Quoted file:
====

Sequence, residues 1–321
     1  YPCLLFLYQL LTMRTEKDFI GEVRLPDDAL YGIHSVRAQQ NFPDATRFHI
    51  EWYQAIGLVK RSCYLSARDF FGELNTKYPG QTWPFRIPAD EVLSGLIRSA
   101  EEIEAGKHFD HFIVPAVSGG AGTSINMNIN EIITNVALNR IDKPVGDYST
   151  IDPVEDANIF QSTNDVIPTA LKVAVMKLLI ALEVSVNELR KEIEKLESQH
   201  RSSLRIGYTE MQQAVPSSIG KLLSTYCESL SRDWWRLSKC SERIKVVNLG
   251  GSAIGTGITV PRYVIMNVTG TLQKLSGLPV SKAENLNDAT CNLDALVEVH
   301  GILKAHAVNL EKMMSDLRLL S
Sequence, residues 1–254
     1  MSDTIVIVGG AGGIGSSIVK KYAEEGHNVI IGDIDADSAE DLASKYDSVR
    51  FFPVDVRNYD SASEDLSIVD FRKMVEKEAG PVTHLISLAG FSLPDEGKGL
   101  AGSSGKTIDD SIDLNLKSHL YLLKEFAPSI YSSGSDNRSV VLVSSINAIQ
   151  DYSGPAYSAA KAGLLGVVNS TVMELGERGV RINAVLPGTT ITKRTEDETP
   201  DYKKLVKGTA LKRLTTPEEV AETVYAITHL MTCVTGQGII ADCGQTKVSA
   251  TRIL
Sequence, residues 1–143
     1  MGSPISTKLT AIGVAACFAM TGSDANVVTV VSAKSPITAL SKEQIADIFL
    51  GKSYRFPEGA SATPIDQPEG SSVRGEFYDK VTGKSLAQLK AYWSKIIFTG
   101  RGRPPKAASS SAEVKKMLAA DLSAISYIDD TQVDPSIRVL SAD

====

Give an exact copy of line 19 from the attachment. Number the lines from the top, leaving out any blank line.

   101  RGRPPKAASS SAEVKKMLAA DLSAISYIDD TQVDPSIRVL SAD